Why We Don't Like Da (And The Kracki, Sri Sri, Etc.)
File under: Gurubusting
Lately it's been heated in the "Gurukripa" tribe at tribe.net, where we produced this statement before we bowed out and left the bliss bunnies to their cherished (and occluding) notions about their gurus:
I have found self-realization to be quite normal, ordinary and even somewhat mundane as a direct and experiential understanding. I know this because I've been lucky to meet more than several people online who live in that understanding, along with a number of folks in real life.
So, how to reconcile these lives with the life of a big-time, island-owning, self-proclaimed greatest-in-recent-history guru? It's like trying to reconcile a Muslim extremist with a West Bank-occupying Zionist.
The thing that separates a normal shlub who is self-realized from a big-time guru who may or may not be self-realized is the idea of spiritual power. Big-time gurus are imagined to contain vast amounts of this power in various forms. There is a litany of things people believe about their big-time gurus as a result of this belief in their power
I would not blame a soul alive for thinking I'm a complete poser (and loser for picking on their guru), but I'm convinced that all spiritual power lies inside each of us, and that it's the belief in the guru's power that tricks us to manifesting our own power. Maybe that's not such a bad thing, and I'd agree, if it weren't for the bugaboo I call occluding nonsense about self-realization.
According to Vedanta, we are all the Atman, and Atman is Brahman, making each of us the foundation of all existence and non-existence. It's not something we climb to, or descend to, or transport to or work toward, despite what we might think we're doing. It's something that is right here, right now, closer than our own breath, in every moment of our lives; the changeless and unborn Self.
So, half the world is running around jumping through so many different hoops, trying to climb, descend, transport and work toward becoming the changeless and unborn Self, which is right here, right now, closer than our own breath. What's the problem? Why aren't they finding such a completely immediate reality?
Simply because it's the most unassuming thing about yourself that you'll never be able to imagine. It's like a wallflower in your mind. It's always there, but goes completely unnoticed. Even when you are spending all your time, money and freedom following a big-time guru so you can find it, it's still just sitting there, right in plain view, waiting to be noticed.
From the mass-cultural angle, big-time gurus are held up as the example of what self-realization means to a life. Never mind how many of them fall far from the distinction. The ones who survive are all seen as paragons of virtue and base-stations of God-like powers that can bestow bliss with a gesture, read your thoughts, see your entire past-life history and supposedly bestow self-realization. But I guess they don't use that power very often, as the conversion rate is probably less than a millionth of one per cent.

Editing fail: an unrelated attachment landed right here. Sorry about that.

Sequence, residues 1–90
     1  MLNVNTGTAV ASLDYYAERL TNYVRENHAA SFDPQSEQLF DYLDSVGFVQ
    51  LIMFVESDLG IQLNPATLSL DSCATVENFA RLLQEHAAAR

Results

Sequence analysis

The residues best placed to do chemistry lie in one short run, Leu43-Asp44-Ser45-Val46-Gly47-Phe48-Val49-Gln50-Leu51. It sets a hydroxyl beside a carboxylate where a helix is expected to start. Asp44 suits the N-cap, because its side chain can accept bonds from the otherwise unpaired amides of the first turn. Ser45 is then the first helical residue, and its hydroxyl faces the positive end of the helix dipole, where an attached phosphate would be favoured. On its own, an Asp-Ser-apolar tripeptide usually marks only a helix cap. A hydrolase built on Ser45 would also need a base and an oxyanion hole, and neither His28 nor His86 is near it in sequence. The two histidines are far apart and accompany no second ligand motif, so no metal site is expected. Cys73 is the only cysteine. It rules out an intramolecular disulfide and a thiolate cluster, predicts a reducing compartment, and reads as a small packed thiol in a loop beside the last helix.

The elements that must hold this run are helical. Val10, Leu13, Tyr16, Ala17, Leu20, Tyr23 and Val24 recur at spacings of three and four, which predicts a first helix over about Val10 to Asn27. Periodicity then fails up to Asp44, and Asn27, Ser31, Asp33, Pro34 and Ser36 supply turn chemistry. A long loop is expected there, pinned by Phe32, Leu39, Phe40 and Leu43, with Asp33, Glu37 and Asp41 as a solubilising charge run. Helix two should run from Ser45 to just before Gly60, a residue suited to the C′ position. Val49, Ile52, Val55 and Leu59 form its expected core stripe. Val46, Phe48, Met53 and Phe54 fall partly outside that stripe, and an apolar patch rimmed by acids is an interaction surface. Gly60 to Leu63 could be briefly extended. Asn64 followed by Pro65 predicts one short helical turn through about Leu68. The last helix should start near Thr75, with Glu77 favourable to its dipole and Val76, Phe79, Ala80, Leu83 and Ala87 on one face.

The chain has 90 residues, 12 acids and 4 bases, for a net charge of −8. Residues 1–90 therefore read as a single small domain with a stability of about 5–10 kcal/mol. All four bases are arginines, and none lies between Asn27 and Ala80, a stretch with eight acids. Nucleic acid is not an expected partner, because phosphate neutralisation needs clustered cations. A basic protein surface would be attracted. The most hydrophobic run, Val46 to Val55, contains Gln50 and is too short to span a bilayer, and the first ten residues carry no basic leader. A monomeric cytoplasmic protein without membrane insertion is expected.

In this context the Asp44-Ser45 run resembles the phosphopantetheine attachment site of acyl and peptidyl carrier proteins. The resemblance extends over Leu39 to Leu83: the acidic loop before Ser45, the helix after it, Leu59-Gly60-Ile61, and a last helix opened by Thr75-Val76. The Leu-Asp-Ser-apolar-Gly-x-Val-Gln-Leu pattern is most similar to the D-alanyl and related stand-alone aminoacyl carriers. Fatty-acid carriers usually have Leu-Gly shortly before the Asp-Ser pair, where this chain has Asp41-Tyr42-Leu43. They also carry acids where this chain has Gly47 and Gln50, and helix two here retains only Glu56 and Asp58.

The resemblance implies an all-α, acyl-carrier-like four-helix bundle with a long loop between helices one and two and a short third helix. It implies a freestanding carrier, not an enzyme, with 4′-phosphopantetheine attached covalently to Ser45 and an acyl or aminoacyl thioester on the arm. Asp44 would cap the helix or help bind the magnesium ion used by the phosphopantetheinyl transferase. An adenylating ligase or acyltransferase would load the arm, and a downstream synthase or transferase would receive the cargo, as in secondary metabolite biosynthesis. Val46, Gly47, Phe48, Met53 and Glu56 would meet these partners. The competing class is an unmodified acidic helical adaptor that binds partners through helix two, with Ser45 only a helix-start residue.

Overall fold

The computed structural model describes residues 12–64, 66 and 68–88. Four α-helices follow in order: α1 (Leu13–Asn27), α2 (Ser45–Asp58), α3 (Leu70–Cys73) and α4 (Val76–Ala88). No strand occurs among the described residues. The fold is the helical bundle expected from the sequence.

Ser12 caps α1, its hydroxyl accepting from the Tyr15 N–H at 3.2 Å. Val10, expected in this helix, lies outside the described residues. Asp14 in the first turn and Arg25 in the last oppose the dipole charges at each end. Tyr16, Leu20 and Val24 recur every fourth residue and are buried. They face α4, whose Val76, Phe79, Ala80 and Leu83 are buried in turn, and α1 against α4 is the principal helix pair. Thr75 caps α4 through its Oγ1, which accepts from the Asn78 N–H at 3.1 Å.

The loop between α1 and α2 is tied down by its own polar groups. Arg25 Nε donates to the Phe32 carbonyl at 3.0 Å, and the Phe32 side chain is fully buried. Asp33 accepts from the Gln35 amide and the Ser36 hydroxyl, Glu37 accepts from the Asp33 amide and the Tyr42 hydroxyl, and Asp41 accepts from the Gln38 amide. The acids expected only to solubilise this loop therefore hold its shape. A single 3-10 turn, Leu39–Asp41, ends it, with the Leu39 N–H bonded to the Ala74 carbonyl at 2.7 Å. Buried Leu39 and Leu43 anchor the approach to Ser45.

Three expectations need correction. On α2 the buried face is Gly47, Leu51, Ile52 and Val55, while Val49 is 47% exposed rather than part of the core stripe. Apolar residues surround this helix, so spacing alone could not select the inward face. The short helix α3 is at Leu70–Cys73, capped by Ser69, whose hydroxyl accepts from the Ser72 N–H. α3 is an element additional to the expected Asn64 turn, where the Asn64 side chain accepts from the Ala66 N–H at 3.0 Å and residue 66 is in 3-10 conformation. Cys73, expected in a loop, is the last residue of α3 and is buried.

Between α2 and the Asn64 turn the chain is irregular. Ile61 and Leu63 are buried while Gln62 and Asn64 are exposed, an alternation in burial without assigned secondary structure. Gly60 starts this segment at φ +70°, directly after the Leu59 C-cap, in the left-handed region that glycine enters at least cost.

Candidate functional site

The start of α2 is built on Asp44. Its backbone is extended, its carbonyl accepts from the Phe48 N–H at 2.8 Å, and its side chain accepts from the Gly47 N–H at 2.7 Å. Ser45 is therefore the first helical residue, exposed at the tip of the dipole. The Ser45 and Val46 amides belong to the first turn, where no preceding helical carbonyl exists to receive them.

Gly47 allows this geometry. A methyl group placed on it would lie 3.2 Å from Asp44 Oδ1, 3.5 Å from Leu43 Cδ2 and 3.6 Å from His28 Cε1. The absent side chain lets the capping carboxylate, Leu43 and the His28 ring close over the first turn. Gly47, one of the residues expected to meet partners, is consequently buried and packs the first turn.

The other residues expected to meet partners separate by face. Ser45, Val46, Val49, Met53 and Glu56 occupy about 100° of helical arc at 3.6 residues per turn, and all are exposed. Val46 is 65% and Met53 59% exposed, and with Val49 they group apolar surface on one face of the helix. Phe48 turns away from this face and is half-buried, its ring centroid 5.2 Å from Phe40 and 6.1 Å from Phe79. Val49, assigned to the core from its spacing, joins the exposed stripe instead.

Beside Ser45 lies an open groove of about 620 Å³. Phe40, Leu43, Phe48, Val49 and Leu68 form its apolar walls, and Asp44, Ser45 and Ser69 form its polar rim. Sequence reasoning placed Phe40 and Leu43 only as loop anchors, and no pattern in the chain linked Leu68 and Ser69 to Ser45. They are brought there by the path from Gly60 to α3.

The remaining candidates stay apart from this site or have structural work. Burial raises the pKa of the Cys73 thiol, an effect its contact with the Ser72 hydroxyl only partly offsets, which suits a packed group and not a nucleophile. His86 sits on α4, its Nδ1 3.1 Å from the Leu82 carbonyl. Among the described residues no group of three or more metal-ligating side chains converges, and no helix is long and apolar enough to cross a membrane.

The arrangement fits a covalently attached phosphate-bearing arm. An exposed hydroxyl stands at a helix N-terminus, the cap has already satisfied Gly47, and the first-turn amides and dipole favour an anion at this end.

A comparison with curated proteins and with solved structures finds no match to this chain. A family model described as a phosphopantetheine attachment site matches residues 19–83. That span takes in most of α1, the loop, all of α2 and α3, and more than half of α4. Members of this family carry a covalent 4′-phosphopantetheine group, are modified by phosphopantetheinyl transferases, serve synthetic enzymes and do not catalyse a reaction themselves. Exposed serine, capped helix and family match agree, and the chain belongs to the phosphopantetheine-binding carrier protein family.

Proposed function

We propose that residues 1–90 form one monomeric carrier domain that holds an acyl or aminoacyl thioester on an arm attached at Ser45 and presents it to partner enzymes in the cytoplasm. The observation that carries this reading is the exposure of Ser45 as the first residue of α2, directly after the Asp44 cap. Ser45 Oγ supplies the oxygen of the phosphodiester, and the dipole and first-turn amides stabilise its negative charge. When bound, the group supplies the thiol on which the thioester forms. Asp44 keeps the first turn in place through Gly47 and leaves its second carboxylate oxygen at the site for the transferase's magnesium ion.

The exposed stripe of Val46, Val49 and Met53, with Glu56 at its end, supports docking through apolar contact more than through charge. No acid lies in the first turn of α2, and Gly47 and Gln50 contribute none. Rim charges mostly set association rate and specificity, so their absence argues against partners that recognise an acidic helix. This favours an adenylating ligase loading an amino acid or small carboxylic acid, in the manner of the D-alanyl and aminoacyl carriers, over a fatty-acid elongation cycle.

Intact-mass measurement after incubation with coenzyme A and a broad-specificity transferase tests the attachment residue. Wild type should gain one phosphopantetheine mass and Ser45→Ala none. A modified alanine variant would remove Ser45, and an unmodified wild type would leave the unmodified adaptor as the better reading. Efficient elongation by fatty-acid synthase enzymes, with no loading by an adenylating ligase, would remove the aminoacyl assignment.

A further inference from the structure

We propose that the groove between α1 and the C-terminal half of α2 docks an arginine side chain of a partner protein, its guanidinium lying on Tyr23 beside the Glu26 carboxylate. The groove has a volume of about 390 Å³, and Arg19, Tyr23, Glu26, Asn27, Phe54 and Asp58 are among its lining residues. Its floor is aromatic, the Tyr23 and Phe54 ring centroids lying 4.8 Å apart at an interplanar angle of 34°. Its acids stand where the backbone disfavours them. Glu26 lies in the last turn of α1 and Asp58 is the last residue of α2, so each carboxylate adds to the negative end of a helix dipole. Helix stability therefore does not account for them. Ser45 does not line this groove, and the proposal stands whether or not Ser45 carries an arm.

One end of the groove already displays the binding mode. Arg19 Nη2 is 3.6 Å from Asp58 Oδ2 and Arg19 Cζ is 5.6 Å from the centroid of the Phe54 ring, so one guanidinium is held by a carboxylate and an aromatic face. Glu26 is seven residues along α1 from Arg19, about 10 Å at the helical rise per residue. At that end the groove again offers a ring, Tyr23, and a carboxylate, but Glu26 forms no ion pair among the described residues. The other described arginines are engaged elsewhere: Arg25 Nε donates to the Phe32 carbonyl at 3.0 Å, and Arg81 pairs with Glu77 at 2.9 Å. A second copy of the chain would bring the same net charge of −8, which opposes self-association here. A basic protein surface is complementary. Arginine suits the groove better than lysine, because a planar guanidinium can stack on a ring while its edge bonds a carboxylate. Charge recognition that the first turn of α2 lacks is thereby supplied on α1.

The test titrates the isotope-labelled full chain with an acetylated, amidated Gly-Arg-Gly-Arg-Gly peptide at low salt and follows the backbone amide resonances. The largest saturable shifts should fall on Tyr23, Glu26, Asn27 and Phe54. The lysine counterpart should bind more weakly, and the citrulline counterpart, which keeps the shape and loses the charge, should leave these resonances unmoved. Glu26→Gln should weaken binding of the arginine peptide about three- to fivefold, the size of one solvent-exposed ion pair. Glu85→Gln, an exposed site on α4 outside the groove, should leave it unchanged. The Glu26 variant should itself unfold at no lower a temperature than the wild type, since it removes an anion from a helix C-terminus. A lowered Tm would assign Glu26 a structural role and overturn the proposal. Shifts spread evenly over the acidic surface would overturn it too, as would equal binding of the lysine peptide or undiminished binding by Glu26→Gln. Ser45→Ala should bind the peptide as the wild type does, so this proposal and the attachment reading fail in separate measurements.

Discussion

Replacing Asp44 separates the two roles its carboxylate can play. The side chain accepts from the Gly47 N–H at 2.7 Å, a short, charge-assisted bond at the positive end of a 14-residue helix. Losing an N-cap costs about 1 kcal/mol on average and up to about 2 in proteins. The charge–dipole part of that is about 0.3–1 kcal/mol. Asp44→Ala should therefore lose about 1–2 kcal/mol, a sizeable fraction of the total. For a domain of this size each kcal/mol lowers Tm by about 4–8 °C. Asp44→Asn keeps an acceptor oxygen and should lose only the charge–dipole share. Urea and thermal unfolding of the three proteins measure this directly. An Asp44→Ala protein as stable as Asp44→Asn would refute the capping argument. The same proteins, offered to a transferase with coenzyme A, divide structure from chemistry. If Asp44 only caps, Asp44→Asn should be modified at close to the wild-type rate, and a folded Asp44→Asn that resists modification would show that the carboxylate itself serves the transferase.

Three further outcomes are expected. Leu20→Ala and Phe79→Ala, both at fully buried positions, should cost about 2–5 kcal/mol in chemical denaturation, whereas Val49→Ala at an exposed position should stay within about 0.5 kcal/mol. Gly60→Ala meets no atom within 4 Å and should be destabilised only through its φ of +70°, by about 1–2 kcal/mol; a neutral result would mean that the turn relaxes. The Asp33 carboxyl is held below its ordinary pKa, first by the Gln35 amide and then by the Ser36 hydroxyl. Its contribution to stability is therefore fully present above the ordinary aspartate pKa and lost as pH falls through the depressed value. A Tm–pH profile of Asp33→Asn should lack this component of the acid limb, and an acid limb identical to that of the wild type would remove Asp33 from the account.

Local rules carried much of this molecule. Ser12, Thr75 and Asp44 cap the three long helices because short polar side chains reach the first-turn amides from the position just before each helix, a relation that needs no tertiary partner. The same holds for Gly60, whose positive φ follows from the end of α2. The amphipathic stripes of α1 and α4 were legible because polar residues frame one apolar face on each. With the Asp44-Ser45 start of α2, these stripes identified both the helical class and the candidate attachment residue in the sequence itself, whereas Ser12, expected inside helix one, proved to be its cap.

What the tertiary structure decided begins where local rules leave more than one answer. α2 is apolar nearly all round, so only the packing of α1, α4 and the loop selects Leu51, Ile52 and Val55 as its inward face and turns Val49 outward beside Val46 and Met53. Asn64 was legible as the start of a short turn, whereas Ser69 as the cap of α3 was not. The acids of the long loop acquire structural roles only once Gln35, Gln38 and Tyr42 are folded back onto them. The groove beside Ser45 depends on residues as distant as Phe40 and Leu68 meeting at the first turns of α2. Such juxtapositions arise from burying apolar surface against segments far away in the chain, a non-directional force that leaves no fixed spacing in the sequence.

It's especially curious that something that is right here, right now, closer than our own breath, is practically impossible for a divine being to bestow as a direct understanding. What's the problem? A: The guru doesn't have any power to bestow anything if you continue to believe in your own ignorance, and B: What you believe about self-realization is standing right in front of your wallflower like the group of popular kids you wanted to be accepted by.
The fact that the right here, right now... etc., is so right here, right now, leads one to conclude that it must be exceedingly subtle. It's awareness' awareness of awareness. We've never not known it, yet because it's always been there, we've never had the opportunity to notice it. If the light is on all the time, how will you ever know it is light?
The ideas that occlude self-realization are legion. Basically, anything you believe about self-realization can occlude. It's why Ramakrishna said that bhakti was the easiest path. Bhakti is not about self-realization when practiced in the spirit of surrender, freeing a mind from forming various ideas about realization based on what they've read, been told, or assumed by what they believe about their guru.
This is why I have such a problem with Adi Da. His is one of the most egregious examples alive. Kalki Bhagavan is up there as well, along with a few others. But Da seems the most extreme in his ideas about himself as a personality on the world stage. He appears to literally believe he is the number one, greatest spiritual being in the last couple hundred years... or more! And he expects his devotees to accept him as this. It's beyond the pale in my book.
However, I'm as sure as his most fervent devotee that he can function as a wonderful guru for some people, provided those people are fully convinced in his power. It's a ruse, like faith healing, one which some gurus are in on and some not. And there's nothing wrong with the ruse if it works, but there's big problems with the ideas people accept to join in on the ruse.